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Finding the Right Balance in the Fight Against Online Fraud

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According to the Association of Certified Fraud Examiners, the typical organization loses 5 percent of its revenues to fraudulent behavior each year, amounting to an annual total of nearly $3.7 trillion. There are many methods through which fraud can be initiated, but the increasing use of the Internet for making financial transactions, its international reach and the difficulties of checking the identity of users accurately have contributed to the rapid growth of online deception.+

A recent report by the Economist Intelligence Unit found that 70 percent of organizations reported suffering from fraudulent activities in the past year. And of those people surveyed, 81 percent thought that their exposure to fraudulent activity had increased over the past 12 months.+

Are organizations doing enough in the face of these figures? According to Sage Pay, 39 percent of organizations don’t spend anything on preventing fraudulent activities. Furthermore, 40 percent of large organizations would void a transaction completely rather than undertake further checks on a customer — a factor that could translate to lost business if the customer is merely turned away.+

However, in a separate report featured in The Telegraph, Sage Pay’s CEO cautions that an organization that experiences no fraud whatsoever may be using controls that are too tight; therefore, organizations need to find the right balance between turning away customers and protecting the business.+

Tackling Fraud in the CloudA new method for preventing fraudulent behavior is required that protects businesses but is not onerous for consumers looking to purchase from them or use their services. Keith Walker and Brian O’Donnell, two IBM Master Inventors, have recently patented such a method: IBM’s user-browser interaction-based fraud detection system.+

According to Walker, this invention is necessary because it is so easy for a user to purloin someone else’s account credentials and because it is easy for attackers to use automation, scripts and malware to enable them to log in as legitimate users. Security practitioners need a way to prevent fraud after login credentials have been breached.+

The technology works by analyzing the way that people navigate a website — how active they are in terms of browsing speed and their use of mouse clicks or keyboard controls. The idea is that people who log in to websites exhibit patterns of behavior and styles of interaction that are particular to them. Those behaviors can be analyzed when users first log in to a website — which can be done in a relatively short period of time — and then algorithms are applied to check their behavior on each subsequent visit. Should behavioral patterns differ from those initially detected, such as a user logging in using a tablet rather than a fixed PC, or using the keypad rather than the mouse, a simple security measure can be applied, such as asking them a step-up security question.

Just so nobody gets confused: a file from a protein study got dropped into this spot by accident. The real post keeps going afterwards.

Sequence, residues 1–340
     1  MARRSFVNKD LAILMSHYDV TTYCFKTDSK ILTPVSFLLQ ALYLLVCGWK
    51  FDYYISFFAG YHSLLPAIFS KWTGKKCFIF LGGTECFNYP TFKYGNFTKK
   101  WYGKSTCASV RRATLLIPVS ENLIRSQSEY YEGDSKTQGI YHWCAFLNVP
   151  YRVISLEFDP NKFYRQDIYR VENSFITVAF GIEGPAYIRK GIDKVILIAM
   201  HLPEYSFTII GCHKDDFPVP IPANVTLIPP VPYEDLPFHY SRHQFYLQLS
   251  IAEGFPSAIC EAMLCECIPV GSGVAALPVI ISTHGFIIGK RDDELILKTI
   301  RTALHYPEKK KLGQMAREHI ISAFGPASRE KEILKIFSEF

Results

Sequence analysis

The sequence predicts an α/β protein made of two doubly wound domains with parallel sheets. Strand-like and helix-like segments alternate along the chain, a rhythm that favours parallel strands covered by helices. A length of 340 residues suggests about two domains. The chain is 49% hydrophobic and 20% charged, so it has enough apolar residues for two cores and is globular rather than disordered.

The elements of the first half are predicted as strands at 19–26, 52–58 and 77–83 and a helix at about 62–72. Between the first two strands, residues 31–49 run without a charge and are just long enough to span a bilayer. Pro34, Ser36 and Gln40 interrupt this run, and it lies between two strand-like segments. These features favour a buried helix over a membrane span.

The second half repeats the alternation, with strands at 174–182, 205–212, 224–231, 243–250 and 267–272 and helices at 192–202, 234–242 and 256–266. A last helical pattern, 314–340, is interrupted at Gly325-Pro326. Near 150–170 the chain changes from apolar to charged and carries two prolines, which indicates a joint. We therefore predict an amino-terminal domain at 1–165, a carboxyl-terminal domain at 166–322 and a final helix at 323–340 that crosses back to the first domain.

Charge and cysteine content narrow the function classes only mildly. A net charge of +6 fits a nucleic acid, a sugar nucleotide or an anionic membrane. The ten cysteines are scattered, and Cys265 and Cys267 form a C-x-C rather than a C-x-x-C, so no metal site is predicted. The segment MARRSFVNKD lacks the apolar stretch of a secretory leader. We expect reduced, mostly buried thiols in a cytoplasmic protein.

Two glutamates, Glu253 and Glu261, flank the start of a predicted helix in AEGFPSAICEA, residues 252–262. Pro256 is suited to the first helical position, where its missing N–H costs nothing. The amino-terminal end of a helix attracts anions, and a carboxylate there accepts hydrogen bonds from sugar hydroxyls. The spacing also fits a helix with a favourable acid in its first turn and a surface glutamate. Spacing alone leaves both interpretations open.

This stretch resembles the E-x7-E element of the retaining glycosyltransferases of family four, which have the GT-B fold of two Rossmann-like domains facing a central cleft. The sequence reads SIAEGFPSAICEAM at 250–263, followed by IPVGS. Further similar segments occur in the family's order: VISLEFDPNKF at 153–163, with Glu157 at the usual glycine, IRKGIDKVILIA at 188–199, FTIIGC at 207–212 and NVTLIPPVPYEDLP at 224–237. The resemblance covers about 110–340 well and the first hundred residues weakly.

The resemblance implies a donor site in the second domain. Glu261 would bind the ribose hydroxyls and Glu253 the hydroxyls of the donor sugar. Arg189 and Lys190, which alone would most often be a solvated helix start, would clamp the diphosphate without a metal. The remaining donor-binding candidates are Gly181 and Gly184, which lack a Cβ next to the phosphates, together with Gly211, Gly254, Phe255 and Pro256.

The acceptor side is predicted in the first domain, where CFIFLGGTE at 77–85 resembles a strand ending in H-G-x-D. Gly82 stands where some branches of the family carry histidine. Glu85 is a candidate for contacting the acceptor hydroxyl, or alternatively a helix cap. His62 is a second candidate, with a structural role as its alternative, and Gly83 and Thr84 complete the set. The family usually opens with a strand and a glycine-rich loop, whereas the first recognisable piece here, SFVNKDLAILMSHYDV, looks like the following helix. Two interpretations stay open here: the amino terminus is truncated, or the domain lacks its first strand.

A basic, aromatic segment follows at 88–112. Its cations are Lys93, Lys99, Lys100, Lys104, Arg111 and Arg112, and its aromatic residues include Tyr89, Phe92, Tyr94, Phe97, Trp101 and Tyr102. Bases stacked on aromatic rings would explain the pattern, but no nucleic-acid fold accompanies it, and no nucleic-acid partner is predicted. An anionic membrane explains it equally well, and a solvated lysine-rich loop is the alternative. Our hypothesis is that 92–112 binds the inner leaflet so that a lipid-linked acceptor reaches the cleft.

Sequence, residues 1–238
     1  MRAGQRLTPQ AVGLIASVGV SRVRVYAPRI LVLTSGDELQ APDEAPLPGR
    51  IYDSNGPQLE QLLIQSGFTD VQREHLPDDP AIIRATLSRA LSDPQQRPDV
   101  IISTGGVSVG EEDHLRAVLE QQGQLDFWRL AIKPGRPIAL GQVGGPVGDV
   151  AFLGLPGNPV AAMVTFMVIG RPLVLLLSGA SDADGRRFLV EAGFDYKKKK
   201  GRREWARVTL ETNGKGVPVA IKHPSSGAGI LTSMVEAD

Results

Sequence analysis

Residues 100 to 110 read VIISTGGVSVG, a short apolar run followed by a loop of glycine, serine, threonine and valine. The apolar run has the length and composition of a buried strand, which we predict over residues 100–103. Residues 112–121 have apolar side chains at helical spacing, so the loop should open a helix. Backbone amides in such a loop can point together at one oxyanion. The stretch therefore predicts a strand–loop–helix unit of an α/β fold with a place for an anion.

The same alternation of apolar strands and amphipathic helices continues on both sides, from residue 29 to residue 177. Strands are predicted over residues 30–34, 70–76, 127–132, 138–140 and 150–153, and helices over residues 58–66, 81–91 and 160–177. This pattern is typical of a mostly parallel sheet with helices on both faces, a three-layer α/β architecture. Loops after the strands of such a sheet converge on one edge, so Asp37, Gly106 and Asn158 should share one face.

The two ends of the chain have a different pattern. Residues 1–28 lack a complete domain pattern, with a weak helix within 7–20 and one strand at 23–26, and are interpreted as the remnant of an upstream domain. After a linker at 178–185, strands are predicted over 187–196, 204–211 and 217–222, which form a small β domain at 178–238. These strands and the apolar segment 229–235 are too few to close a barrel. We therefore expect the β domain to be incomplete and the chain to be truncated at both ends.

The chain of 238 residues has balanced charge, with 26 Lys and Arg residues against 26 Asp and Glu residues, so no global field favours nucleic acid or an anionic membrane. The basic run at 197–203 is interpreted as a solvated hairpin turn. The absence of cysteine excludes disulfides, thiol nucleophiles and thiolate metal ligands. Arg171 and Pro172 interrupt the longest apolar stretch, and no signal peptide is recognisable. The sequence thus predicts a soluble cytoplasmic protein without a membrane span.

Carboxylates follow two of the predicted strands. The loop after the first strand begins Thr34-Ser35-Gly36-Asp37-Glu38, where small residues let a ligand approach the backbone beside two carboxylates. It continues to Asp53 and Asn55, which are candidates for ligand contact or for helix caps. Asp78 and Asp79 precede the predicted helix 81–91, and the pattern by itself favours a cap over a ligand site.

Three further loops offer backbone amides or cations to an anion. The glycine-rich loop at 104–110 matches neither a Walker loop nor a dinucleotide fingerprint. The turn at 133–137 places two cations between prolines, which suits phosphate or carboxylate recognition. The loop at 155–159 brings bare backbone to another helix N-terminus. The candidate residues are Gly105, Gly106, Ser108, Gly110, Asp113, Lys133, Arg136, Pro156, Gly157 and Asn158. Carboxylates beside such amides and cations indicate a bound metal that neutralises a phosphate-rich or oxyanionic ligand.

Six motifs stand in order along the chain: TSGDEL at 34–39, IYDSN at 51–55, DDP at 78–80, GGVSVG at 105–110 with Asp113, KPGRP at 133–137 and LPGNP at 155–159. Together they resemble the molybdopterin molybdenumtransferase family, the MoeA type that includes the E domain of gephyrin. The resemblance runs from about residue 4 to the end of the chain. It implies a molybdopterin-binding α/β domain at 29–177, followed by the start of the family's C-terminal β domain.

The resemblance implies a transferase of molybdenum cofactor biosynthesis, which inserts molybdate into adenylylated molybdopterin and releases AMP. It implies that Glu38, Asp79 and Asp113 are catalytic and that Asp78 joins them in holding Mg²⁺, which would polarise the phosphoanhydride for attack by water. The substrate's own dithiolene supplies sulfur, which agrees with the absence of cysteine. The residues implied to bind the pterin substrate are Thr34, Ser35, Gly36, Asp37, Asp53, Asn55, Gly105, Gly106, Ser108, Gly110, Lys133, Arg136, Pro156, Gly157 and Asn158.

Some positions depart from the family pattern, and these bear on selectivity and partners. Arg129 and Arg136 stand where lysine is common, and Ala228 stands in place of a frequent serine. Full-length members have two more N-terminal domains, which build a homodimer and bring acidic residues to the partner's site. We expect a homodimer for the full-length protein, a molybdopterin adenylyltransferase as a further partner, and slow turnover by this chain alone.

The technology was extremely effective in trials, with no false positives encountered. According to the inventors, it has already been included in Trusteer Pinpoint, one of IBM’s suite of security tools that is designed for fraud prevention

IBM’s support for such an invention is a testament to its ongoing commitment to providing security practitioners with the tools they need for detecting, responding to and investigating fraud, as well as forensically discovering patterns of fraudulent behavior in historic transactions through the use of analytical techniques. In March 2014, IBM unveiled its new, integrated Counter Fraud Management solution to allow security practitioners to proactively anticipate, handle and respond to threats related to fraudulent activity.+

A Fully Integrated ApproachThis invention for tackling fraudulent activity in online settings adds to its existing solutions and expands its Trusteer portfolio beyond detecting and responding to malware threats to those posed by the malicious behavior of individuals. It is not meant to be a stand-alone authentication technique, but rather a secondary verification that the user is who they say they are in a manner that is nonintrusive to the user. This will help to allay many of the security concerns of those organizations that are loath to impose extra, more invasive security checks on their customers because the process is so simple to follow.+

Having already been incorporated into IBM’s offerings, this solution is applicable for a wide range of other scenarios. According to the inventors, it will be invaluable for any websites with a vested interest in ensuring that the right people are logging in to use their services, be they employees or customers. Thus, it could well prove popular in the e-commerce and banking sectors as well as for social media and collaboration services. Beyond that, it could easily find a following among enterprises that rely on the provision of safe and secure services both nationally and globally.+

This likely won’t be the last we hear from IBM in the battle against fraudulent actions. Its new Counter Fraud Management portfolio testifies to this, as does its commitment to supporting new inventions within its ranks — evinced by the fact that the United States Patent and Trademark Office consistently ranks IBM as the leading recipient of patents annually worldwide. According to the inventors of this new technology, a company does much better if it holds lots of patents.

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